The Sciences

The economic correction

Gene ExpressionBy Razib KhanAug 19, 2012 2:50 AM


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Finally the social bubble seems to be bursting. Do remember that in 2000 there was backlash against Amazon as well, and it's still around. Still, global oil demand level is low. Most people seem to agree that some of the "fixes" to the 2008 financial crisis were only band-aids, and the fundamental structural problems were put off for another day. Is that day now? Pessimism is cheap, but if you feel it, why not share it? I mused about a possible recession in May of 2007, and some of the comments were kind of funny and tragic. I'll quote, with names removed to protect the guilty:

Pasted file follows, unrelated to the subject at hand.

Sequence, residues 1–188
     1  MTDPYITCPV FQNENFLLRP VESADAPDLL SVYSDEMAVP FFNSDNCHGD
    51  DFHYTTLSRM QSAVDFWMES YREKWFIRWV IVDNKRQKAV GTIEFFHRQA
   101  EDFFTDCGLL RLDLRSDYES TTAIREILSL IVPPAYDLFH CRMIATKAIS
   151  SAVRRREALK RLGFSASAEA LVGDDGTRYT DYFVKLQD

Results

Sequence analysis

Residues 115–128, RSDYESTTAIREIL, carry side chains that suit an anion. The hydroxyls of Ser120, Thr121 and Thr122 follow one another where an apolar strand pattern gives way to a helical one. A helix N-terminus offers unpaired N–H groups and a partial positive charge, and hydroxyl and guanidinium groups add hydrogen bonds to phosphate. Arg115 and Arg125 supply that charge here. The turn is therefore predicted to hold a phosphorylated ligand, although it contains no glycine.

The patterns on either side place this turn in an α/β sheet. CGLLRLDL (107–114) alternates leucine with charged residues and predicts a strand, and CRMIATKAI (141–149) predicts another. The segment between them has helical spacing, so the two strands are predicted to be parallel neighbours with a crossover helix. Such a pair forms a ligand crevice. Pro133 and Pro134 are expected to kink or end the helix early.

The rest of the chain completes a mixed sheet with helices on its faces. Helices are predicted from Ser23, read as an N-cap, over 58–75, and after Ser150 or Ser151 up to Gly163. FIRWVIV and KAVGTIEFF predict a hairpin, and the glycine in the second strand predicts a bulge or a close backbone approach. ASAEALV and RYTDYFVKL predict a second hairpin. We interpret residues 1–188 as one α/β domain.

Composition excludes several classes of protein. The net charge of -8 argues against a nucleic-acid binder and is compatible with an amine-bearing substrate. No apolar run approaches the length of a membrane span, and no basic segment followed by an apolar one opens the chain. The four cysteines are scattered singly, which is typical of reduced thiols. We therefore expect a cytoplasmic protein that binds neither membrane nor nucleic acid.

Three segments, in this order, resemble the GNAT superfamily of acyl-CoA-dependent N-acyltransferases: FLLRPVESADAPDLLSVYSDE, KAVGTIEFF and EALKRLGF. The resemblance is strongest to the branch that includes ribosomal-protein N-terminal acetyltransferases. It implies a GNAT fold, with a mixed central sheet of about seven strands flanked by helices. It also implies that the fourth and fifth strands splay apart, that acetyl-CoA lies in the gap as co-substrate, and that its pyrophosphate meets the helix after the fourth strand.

They’re practically glorified hiccups nowadays. I don’t get what the big deal is. ... In a word, no. Unless you’re talking houses here in the Bay Area, but the “recession” is more like a return to a normal, vanilla market. All the economic signs I see look good. Krugman’s cat must be hurting. ... The economy has been generally good, unemployment has been relatively low throughout. And so no, I don’t see the looming failure ecomomically. ... I doubt it. People often react to one aspect of the economy without looking at the larger picture. Yes, there was an overextension of sub prime lending, but those are only a fraction of mortgages. Other fundamentals are still very strong, and the yield on equities (earnings divided by price) is often less than the after tax cost of money (about two thirds the long term interest rate to borrow). I think a recession is extremely unlikely when stocks are so cheap compared to money and smart companies are using their cash to buy back in their own shares and acquire other companies. ... I don’t get the impression of any looming recession, though I have read people predicting one over a year. ... Razib, this article from Donald Luskin should put your mind at ease. “Growth This Spring Is Strong, and Looks to Continue.” “They’ve been saying the same thing for a year now, as housing has fallen off a cliff. But it just never comes true. There’s simply no evidence of infection of 95% of the economy by the 5% represented by housing. “Income is strong. Spending is strong. Jobs are strong. Corporate earnings are strong. Everything is strong but housing.” ... The U.S. Equity markets have been hitting all time highs, and valuations aren’t egregiously out of whack like they were back in 1999/2000. U.S. Corporations have posted double digit quarterly profit increases for at least 12 straight quarters, and are now sitting on boatloads of cash. Unemployment is at a reasonable level. I think at worst we’re going to see a *correction*, but not a depression. In addition, Alan’s doomsday prophesying aside, China has been posting nearly double digit *GDP* growth for the past 25 years (see here). Think about it: it’s unheard of for corporations to accomplish this, let alone an entire country. China may suffer the slings and arrows that come with grander economic cycles, but predicting its collapse is, I think, a bit misguided. And, as for Russia, Alan’s population numbers are 1) incorrect and 2) not taking into account the loss of population due to the breakup of the Soviet Union. Also, population loss does not equate with a deteriorating economy. That’s just Malthusian wrongheadedness.

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